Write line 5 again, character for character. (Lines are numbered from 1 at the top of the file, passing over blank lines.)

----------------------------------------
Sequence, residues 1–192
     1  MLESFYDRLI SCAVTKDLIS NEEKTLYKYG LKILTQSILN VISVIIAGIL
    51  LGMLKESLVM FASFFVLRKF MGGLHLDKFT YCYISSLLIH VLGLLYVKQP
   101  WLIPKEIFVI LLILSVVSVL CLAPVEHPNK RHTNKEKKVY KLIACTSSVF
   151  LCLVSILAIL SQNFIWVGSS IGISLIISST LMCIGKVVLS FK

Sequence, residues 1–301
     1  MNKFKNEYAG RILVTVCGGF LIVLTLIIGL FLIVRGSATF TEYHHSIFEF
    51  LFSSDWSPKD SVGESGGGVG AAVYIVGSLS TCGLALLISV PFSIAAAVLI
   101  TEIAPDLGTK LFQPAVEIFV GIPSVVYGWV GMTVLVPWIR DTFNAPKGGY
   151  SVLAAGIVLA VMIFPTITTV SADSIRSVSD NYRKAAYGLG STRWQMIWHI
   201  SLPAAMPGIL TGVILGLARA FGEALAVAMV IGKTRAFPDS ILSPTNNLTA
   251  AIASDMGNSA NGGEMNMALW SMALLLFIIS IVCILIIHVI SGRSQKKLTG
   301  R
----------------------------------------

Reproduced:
   151  LCLVSILAIL SQNFIWVGSS IGISLIISST LMCIGKVVLS FK